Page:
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I have a difficult time Zooming or FaceTiming family and friends in the UK, and not because the WiFi on the Channel Island of Alderney has a recalcitrant record. It’s because I am living totally outside their experience of being locked down and feeling isolated. Alderney has been Covid-free for almost the duration of the pandemic and, as a result, the footage of relatives weeping as they tell their stories of loss coupled with the dramatic spikes on graphics showing climbing death tolls is otherworldly.

Certainly, the island has been fortunate with the virus so far and all 2,000-odd souls who live here are doing their best to make sure it stays that way. We have the AstraZeneca vaccine and the programme has started in earnest. I doubt there will be a single person who refuses it.

As islanders we are easily cut off from harm — and equally cut off from help. We have a hospital, but it does not have a ventilator. We have an ageing, vulnerable population, and emergency specialist care lies a flight away on the sister island of Guernsey. Flights are very often hampered by bad weather in the form of fog or high winds and boats cannot sail in the winter.

This leaves calling on our lifeboat to cross the 25 miles to Guernsey, which takes an hour — an hour that could mean someone loses their chance to keep breathing. Today, the sleet is biting, snow is forecast and the waves are crashing over the breakwater and it seems farther away than ever.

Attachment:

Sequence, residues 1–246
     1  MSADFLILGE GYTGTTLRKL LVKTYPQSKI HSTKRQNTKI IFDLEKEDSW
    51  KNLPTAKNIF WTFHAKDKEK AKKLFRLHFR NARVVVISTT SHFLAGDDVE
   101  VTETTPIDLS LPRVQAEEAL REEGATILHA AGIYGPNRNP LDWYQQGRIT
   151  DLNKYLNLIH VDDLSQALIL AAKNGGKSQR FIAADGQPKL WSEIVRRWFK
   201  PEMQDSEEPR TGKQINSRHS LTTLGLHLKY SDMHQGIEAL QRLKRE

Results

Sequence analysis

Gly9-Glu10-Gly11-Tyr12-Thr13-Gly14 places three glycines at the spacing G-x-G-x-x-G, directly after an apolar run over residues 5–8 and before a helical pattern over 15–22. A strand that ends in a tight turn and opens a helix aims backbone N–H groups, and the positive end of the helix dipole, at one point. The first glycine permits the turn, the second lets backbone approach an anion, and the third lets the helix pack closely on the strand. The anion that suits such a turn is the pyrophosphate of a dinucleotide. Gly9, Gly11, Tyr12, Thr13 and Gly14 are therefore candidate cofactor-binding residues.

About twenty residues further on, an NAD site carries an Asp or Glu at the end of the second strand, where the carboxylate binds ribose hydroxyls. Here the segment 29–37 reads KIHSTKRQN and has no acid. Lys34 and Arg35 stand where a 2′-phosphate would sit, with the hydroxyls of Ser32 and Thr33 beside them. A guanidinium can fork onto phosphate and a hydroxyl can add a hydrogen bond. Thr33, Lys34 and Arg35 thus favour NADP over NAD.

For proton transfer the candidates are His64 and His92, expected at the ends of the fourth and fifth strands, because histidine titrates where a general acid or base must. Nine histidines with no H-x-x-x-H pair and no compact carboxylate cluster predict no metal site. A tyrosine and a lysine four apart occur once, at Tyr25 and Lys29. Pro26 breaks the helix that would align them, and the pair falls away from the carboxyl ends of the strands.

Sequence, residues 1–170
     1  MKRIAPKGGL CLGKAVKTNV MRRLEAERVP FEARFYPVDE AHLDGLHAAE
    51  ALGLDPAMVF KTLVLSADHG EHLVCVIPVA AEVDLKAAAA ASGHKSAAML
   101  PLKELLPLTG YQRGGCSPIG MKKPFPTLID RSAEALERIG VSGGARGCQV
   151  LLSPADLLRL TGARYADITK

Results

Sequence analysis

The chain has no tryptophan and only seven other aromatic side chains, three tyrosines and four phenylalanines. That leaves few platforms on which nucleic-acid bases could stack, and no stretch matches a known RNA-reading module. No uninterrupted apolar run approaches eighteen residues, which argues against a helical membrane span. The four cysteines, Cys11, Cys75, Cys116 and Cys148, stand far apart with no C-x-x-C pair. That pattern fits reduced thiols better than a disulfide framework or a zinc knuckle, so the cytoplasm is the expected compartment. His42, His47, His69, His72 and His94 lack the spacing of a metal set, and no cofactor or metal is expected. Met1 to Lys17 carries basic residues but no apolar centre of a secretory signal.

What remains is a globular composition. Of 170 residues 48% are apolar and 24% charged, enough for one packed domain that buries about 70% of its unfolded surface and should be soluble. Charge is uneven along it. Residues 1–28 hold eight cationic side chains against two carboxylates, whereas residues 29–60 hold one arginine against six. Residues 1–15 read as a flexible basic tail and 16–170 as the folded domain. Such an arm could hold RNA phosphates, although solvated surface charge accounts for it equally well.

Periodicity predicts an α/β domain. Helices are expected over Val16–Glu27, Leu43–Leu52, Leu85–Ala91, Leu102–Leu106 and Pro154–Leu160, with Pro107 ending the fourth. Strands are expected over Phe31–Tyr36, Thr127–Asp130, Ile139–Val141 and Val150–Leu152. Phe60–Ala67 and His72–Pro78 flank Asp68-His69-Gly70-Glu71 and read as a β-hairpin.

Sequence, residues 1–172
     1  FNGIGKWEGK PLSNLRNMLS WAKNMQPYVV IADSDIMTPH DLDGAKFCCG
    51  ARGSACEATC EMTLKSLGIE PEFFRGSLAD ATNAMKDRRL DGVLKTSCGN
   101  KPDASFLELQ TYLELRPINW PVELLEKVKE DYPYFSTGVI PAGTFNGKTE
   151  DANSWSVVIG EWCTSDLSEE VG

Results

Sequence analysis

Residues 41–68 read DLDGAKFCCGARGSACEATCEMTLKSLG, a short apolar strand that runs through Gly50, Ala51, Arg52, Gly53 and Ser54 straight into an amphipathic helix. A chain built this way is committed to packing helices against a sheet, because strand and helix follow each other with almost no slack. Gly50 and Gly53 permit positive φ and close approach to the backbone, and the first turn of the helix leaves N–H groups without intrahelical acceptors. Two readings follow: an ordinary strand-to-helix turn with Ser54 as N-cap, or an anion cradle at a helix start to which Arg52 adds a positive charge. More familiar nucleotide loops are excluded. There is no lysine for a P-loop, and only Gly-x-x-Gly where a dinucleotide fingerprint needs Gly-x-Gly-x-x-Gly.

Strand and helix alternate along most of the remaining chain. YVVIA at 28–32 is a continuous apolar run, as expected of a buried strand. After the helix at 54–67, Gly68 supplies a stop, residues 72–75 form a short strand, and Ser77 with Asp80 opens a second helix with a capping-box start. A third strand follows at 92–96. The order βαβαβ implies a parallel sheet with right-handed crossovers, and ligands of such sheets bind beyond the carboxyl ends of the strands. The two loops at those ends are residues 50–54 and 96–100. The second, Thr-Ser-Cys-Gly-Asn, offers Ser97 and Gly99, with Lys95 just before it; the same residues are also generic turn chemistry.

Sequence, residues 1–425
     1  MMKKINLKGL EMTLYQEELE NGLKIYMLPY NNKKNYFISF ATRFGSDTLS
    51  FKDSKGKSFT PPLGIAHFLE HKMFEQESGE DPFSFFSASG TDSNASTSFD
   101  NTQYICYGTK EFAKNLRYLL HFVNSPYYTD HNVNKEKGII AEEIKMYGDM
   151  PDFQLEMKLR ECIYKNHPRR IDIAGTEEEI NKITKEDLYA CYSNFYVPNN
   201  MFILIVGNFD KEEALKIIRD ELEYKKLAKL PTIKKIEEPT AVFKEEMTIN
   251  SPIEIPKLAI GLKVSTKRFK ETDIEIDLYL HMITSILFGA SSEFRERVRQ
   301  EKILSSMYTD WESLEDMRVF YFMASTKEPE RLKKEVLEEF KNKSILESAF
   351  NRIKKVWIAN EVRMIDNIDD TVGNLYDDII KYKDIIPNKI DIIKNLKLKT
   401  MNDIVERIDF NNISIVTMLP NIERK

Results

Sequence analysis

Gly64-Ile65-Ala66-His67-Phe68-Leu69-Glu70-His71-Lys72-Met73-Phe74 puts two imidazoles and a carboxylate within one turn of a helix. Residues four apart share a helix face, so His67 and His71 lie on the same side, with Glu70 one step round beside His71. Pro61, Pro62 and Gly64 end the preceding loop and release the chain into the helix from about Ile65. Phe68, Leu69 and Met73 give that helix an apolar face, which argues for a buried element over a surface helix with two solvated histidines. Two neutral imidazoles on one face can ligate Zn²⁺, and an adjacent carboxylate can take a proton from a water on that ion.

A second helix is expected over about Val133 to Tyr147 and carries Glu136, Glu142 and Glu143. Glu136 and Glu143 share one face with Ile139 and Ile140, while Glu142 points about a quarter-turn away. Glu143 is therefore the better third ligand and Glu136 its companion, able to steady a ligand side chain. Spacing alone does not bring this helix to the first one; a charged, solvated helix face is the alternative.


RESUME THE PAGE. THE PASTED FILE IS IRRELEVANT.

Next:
What do you do all day? I’ve lost count of how many times I’ve been asked that since I left the lights of London for the remote beauty of Alderney. I worked nights on a newspaper, so I rarely saw the lights. I hadn’t seen the stars for years because of the pollution, although I never got out of the habit of looking up to check.

This was something I’d always done in the worst of times in Northern Ireland, when the Troubles were raging on the ground and the situation seemed hopeless. Stars shine a wholly different light on proceedings and make you feel less alone. I had got to that stage of being forty-something and finding the city too busy, too noisy. It was always rushing past and I had run out of energy to catch up.

Now that question is one I find myself asking people trapped in a small flat in London, or a large, lonely farmhouse. They know they are privileged to have a roof over their head, but the lack of contact stings.

Some of them are still working and count themselves lucky. Suddenly, jobs that seemed to soak up too much of our precious lives are life rafts. A lot of them are retired and all the grand plans of volunteering, travelling or studying are on hold. They’re hard to console or cheer and impossible to convince that things will improve any time soon. We’ve all largely agreed not to talk about it. It’s too big, we can’t see the edges of it and it’s getting everyone down. We all know that things could be worse.